Summary of passage: We embark on the third set of three plagues set on Egypt. Here God sends the Plague of Hail in exactly the same way as before: God tells Moses to tell Pharaoh to release His people. If Pharaoh does not, a hailstorm the likes of which have never been seen in Egypt will rain down and destroy everything left outside. Pharaoh refuses and Moses brings about the Plague. Pharaoh relents, saying he has sinned, and asks Moses to take away the Plague and he will let the Israelites go. We all know what happens: Pharaoh does not.
Exodus 10: Interestingly here, God is the one hardening Pharaoh’s heart again and he tells Moses this plague is so that the Israelites will know and the following generations that he is Lord. Moses delivers the message: God will send a Plague of Locusts to devour what is left of Egypt. Pharaoh’s officials beg him to let the Israelites go. But Pharaoh tries to compromise with God again, only wanting to let the men go. God (of course) does not compromise so He sends the plague.
Same thing as in the Plague of Hail: Pharaoh says he has sinned, asks Moses to remove the plague and he will let the people go, Moses does, and Pharaoh refuses, God again the one hardening Pharaoh’s heart.
Last plague of this set is without warning again: God sends a Plague of darkness to Egypt. No one could see for three days except for in the land of Goshen, which was spared. Pharaoh calls Moses to him again and again tries to compromise, saying he must leave the livestock behind. Moses laughs, saying they need the animals for sacrifice. Here, the Lord again hardens Pharaoh’s heart and banishes Moses from his court.
10) In the Plague of Hail (the Seventh plague), Pharaoh for the first time says he has sinned and he is wrong. In the Plague of Locusts, the officials are finally convinced of God’s holiness. Here Pharaoh says he has sinned against God and against Moses. He asks for his sin to be forgiven. In the Ninth Plague (the Plague of Darkness), Pharaoh says to go and he becomes so enraged at Moses’ refusal to compromise that he banishes Moses from his court.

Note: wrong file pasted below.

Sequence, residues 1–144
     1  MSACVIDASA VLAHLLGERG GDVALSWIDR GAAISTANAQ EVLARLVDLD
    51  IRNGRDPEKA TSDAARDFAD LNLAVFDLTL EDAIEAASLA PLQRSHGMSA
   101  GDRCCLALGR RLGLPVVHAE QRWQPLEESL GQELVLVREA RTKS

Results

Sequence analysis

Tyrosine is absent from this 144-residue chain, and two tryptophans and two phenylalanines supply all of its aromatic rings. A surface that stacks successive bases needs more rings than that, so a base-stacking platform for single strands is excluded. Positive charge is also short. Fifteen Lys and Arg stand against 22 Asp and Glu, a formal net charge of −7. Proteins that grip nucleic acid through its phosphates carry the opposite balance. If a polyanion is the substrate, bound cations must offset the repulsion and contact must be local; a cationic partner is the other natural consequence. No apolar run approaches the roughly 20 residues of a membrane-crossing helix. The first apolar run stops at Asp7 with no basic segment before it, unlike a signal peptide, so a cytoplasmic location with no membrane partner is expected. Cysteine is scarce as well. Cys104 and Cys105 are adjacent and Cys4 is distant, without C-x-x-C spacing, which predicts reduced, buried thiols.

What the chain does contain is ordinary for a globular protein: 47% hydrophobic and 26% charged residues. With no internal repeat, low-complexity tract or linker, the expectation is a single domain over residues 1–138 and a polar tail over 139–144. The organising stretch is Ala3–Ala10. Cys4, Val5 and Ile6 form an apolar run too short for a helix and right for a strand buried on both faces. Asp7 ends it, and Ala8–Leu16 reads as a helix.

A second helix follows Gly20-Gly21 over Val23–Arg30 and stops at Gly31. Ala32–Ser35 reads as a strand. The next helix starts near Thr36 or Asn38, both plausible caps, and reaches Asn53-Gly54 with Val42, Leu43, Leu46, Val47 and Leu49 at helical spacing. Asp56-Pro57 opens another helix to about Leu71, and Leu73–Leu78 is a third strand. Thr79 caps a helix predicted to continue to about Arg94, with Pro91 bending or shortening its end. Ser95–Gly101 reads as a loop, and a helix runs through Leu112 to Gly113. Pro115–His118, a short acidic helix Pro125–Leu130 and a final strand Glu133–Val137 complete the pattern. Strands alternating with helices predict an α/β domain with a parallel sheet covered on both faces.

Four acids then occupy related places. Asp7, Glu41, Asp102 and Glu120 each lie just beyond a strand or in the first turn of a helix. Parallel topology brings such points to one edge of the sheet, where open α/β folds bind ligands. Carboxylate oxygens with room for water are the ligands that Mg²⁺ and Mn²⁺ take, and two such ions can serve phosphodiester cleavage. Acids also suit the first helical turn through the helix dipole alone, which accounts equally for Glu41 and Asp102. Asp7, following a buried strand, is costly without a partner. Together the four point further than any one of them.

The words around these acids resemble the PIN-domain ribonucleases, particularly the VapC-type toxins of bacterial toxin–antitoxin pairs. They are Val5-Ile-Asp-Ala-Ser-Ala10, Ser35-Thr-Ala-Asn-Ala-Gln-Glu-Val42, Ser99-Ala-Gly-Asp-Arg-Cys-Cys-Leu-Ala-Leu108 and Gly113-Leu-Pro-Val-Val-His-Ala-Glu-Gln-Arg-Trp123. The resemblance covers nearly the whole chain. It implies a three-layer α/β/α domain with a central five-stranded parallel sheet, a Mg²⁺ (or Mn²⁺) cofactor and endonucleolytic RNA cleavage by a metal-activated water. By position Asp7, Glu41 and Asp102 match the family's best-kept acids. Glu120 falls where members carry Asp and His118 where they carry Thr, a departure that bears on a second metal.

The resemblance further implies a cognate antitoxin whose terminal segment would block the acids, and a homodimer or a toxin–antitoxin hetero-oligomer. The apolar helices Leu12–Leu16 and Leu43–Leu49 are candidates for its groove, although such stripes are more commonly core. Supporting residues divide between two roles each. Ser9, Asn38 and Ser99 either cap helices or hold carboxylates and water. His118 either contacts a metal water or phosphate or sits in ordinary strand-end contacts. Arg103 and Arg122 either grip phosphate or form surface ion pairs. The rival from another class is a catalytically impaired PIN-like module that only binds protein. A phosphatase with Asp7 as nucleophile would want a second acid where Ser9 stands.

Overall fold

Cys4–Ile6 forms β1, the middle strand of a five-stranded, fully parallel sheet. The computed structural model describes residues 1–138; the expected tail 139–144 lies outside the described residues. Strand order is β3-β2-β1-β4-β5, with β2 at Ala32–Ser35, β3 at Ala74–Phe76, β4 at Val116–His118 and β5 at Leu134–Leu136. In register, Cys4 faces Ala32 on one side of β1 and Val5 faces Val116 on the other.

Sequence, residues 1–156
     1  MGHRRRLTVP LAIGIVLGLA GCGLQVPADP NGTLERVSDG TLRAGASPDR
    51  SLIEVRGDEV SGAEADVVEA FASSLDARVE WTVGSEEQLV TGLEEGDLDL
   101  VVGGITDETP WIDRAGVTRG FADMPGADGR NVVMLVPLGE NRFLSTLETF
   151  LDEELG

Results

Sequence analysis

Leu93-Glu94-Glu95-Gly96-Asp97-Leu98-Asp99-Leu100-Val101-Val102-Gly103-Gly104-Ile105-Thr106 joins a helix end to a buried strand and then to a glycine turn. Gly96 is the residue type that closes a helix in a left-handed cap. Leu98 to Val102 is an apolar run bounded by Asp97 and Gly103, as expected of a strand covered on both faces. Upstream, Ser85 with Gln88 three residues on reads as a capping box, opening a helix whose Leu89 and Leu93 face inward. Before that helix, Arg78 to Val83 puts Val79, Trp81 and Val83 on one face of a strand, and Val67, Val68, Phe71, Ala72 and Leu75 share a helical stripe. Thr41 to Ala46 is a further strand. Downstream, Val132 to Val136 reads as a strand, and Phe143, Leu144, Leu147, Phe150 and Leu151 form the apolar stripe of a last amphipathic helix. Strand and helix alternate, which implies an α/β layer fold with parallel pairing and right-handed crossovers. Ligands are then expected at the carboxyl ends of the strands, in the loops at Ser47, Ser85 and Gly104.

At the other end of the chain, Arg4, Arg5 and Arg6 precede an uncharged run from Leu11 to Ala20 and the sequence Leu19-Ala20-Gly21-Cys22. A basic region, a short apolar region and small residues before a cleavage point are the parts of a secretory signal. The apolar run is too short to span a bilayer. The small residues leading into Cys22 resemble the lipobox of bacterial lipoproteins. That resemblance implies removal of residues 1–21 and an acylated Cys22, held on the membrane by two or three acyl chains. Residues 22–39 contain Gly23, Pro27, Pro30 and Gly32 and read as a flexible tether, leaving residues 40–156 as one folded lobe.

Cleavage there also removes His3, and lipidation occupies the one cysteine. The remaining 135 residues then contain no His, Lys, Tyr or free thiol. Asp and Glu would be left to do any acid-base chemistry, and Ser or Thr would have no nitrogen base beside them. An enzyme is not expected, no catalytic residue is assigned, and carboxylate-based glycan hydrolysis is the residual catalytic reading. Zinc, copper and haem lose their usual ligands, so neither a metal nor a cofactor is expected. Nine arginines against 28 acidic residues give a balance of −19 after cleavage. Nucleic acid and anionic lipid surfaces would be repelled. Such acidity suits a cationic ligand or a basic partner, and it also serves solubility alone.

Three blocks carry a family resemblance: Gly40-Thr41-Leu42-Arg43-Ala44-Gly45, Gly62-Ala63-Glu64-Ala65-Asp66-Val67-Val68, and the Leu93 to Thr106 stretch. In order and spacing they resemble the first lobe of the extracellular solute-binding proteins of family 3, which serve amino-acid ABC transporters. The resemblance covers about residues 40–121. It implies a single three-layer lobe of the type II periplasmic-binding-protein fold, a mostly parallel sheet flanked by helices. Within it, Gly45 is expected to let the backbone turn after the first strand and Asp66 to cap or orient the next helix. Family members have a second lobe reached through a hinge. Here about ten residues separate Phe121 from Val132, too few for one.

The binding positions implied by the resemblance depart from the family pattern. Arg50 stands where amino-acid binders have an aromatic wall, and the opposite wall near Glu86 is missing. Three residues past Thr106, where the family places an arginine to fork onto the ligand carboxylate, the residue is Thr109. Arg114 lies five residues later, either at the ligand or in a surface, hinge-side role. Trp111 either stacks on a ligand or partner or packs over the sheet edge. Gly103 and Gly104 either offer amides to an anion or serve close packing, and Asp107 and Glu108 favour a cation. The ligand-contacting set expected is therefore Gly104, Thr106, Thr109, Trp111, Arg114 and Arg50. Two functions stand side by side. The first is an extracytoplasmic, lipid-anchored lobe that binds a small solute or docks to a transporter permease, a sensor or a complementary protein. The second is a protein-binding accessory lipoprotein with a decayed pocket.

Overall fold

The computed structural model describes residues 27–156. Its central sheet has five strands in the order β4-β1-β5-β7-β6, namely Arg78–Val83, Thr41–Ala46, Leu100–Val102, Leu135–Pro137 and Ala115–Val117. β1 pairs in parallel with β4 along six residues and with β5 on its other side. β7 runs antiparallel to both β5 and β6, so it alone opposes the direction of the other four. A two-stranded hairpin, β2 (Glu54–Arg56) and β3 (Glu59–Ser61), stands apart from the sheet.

In the Plague of Hail, God reveals to Pharaoh that the plagues are so His power is shown to all for He could have just have wiped them off the face of the earth but He hasn’t yet. In the Plague of Locusts (the Eighth), God tells Moses this Plague is for the Israelites’ sake so that they may know He is God.
11a) This is all a power game, nothing else. Pharaoh wants to first just let the men go, then let the women go but keep the livestock here. He wants to be in control when it is obvious God is in control.
b) Too many to list. Everyone tries to sneak in a bit of sin here and there instead of turning totally toward God and rejecting Satan completely. Things like, “God, if you’ll do such and such for me, then I won’t ever do such and such again.” God doesn’t bargain. It’s all or nothing with Him as it should be in our lives.
c) Personal Question. My answer: I hate the instructions “be specific” because often I can’t be. Here, I can’t say of a bargain I’ve tried to make with God. I can’t say I have ever cognizantly made one. I’m sure I have with my actions. I am just unaware of it.
12) Moses is very assured in his speech and posture with Pharaoh. I think some of this is from frustration and anger that Pharaoh is being so obstinate. We see this in verse 29 with Moses last words to Pharaoh. It seems this exchange is almost a tiff! Moses is saying, “Well, fine! I’ll do as you say and never, ever see you again!”
I think Moses has lost all fear of Pharaoh as he sees the miracles God has performed and how God has used him to perform such miracles. I think Moses has realized God’s omnipotence and that Pharaoh is just a man. I think Moses has lost all respect for Pharaoh who is so evil he chooses to harm his own people rather than let the Israelites go. What kind of leader is he?